Book Excerpt –
Code of Darkness
by Chris Lindberg
Deep within the Pentagon, Edward Armstrong was making edits to a border defense plan when his secretary buzzed him.
“What is it, Marlene,” he exhaled, setting down the red-ink pen.
“A General Dunlap here to see you, sir,” the voice replied through the speakerphone.
“Hmm,” Armstrong paused, stroking his chin. “All right then, send him in,” he finally said, stacking the papers strewn across his desk and setting them in his inbox.
The heavy steel door opened, ushering in the tall, broad frame of General Jack Dunlap. He was dressed in full uniform as always, presenting the many service marks and medals packed tightly across his lapels. His clean-shaven, bald head and neatly trimmed mustache belied his gray, bushy eyebrows. A thirty-year Marine veteran and decorated war hero, Dunlap had been Armstrong’s acquaintance since the Somalian missions they’d worked on together some fifteen years before, when Armstrong had been a military strategist, and Dunlap a Lieutenant. Now heading up the Pentagon’s special task forces unit, Dunlap was viewed by many as next in line for promotion to Joint Chiefs.
Armstrong rose to greet him, then motioned for him to have a seat.
“Edward,” Dunlap said, nodding as he sat down.
“Jack,” Armstrong replied. “Haven’t seen you since the North Korea debrief in December. How’s the family?”
“Good, Edward, good,” Dunlap said, a look on his face Armstrong couldn’t identify. He appeared ready to speak when Armstrong cut in.
“So, what can I do for you?” he said curiously.
“Edward,” Dunlap began. “One of the men under my command was recently tapped for a top-secret operation within our borders. Colonel Nolan Hayes. I was wondering if you knew anything about it.”
Armstrong paused, leaning back in his chair.
“I might,” he answered carefully, folding his hands together.
“Don’t play games,” Dunlap said sharply. “You either know or you don’t.”
“I do,” Armstrong admitted.
“What are you doing running an operation within the homeland?” Dunlap questioned. “Is this in a civilian environment?”
“Jack, as you’ve already said,” Armstrong replied. “It’s top secret. I’m prohibited from speaking about it.”
“But Hayes,” Dunlap pressed. “He’s one of my men. Why didn’t you come to me first? At least for a POV? Do you understand the implications of deploying him inside our borders?”
“We’ve read the file on him, yes,” Armstrong answered. “He’s the perfect fit for this mission.”
“He’s also extremely dangerous,” Dunlap shot back, leaning forward. “Placing him in a civilian atmosphere puts us at incredible risk.”
“We know what we’re doing,” Armstrong said flatly. “His skills make him the only one who can carry out the operation the way it needs to be done.”
“Edward, listen to me,” Dunlap said, his tone urgent. “If it’s not too late already, you need to pull the plug, now. Hayes should only be deployed in hot zones, deep behind enemy borders, on the other side of the world. There are plenty of those missions to keep him busy. Under no circumstances should he be anywhere near U.S. civilians, innocents, or even cameras, for that matter.”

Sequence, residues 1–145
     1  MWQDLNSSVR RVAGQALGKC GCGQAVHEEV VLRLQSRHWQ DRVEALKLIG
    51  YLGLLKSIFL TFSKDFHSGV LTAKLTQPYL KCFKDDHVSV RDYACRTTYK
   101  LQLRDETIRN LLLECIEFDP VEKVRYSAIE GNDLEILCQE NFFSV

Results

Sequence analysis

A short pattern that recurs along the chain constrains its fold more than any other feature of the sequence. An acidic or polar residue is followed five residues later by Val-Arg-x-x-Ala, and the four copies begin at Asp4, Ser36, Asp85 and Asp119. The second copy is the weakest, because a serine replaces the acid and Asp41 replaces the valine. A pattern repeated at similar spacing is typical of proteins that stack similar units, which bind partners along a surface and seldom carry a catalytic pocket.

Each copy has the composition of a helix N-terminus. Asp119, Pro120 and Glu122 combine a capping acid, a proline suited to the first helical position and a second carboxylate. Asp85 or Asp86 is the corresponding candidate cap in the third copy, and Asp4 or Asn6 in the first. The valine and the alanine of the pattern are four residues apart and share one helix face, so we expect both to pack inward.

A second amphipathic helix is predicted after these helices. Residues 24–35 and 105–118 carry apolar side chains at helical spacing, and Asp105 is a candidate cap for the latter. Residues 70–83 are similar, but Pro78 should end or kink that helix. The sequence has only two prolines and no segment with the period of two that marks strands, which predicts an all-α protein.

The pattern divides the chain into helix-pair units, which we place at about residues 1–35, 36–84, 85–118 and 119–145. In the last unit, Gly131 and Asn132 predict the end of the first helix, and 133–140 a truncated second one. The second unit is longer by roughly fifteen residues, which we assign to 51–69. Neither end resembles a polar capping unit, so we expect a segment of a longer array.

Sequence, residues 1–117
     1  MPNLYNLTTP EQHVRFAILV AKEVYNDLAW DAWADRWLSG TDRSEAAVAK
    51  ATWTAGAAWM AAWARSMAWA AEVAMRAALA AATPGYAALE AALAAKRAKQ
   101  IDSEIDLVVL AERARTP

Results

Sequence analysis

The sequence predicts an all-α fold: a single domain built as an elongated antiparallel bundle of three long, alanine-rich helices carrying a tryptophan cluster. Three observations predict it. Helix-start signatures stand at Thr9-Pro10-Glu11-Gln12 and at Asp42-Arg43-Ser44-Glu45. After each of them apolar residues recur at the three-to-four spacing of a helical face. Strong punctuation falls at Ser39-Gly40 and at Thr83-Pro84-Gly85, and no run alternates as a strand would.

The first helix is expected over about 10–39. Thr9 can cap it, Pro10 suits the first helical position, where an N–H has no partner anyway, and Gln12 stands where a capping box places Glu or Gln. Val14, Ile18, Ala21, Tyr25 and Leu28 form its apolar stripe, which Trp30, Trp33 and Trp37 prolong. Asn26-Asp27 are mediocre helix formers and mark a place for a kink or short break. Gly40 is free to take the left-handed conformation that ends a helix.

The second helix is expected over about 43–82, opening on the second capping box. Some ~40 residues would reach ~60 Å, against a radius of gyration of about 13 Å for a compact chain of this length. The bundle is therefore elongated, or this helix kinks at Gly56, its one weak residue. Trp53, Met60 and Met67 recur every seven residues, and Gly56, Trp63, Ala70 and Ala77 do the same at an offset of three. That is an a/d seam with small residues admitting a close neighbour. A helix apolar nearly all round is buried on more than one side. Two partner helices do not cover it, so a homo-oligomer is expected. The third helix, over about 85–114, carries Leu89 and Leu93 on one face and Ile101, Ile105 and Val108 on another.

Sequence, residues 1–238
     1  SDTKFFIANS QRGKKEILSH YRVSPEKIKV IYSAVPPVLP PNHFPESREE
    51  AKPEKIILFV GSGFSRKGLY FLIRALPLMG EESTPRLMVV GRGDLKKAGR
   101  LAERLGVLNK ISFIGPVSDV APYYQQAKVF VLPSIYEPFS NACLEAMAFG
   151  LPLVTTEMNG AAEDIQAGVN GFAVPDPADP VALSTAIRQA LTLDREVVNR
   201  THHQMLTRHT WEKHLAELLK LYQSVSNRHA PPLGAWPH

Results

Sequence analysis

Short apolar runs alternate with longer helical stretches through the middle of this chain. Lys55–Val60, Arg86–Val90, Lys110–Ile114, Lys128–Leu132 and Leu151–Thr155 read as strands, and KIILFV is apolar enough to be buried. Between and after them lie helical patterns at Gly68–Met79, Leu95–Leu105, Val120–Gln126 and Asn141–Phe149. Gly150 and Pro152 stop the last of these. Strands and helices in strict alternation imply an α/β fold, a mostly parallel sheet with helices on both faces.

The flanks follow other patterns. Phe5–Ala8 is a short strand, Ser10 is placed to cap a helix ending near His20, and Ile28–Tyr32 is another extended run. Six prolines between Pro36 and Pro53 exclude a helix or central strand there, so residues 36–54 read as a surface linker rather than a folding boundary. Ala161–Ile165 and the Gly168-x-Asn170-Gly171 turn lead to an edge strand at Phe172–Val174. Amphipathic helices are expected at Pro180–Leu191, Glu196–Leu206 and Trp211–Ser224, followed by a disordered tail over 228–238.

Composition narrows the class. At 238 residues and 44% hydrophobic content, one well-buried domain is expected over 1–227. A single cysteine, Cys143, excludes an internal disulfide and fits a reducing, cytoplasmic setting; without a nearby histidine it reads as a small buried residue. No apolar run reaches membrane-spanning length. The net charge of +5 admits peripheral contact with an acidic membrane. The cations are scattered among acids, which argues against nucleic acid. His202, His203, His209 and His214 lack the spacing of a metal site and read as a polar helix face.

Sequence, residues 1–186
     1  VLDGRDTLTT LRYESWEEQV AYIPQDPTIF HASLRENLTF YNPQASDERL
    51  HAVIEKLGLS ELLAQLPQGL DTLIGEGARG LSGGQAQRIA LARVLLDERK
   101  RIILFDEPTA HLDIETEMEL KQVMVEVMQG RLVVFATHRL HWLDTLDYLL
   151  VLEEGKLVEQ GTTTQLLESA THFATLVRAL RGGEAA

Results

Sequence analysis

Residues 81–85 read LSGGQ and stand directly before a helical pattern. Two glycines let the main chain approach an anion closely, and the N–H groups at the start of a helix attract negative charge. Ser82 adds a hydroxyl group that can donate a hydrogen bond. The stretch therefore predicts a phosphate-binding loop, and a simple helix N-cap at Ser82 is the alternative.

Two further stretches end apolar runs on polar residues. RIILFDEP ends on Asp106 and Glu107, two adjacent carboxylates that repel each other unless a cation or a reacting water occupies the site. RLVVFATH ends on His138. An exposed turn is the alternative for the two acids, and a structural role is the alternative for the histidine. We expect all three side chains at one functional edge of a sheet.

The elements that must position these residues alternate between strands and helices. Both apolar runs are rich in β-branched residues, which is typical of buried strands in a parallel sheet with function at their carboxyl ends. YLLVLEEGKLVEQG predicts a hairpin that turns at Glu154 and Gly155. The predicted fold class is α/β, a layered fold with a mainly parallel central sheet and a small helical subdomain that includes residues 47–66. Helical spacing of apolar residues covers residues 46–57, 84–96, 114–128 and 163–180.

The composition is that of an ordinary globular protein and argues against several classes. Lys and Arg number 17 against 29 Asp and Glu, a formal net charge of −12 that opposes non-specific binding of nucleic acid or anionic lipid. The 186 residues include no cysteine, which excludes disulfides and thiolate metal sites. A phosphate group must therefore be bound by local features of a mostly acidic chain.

“Jack, I don’t understand,” Armstrong said, flabbergasted. “He’s the best soldier this country has; a decorated war hero, just like yourself.”
“He’s the best soldier we have,” Dunlap said. “Because he is a killing machine. Yes, he’s killed a lot of our most dangerous enemies. Hundreds, maybe a thousand. But there have also been scores of civilian casualties, even American soldiers.”
“That’s part of war,” Armstrong said. “You know that.”
“Not this way,” Dunlap countered. “He has no regard for human life. Any human life. If you could only see what I’ve seen, you’d understand.”
“Jack,” Armstrong said, “I hate to put this argument to bed. But it’s a moot point. The field leg of the mission began several days ago, without incident, I might add. The SRC created an antidote to his condition. To control these … urges he has.”
“Antidote?” Dunlap asked curiously.
“Yes,” Armstrong answered. “There’s a shot; he injects himself twice a day.”
Dunlap paused, an almost hopeful expression on his face, as if he wanted nothing more than to be wrong about what he’d said. “Has the field leg concluded?” he asked.
“No,” Armstrong answered. “But we’re halfway there.”
“Then I hope you’re right; that he’s taking the meds as you say he is,” Dunlap said, standing up to leave. “And if for any reason he stops … God help us all.”
Chris Lindberg’s first novel, Code of Darkness, was released in August 2011. You can find out more by visiting www.codeofdarkness.com, or visiting Facebook and searching on “code of darkness.”
To purchase Code of Darkness in paperback or e-book edition, please search “code of darkness” on Amazon, iTunes, or BN.com.
You can also email him at firstname.lastname@example.org – he’d love to hear from you.
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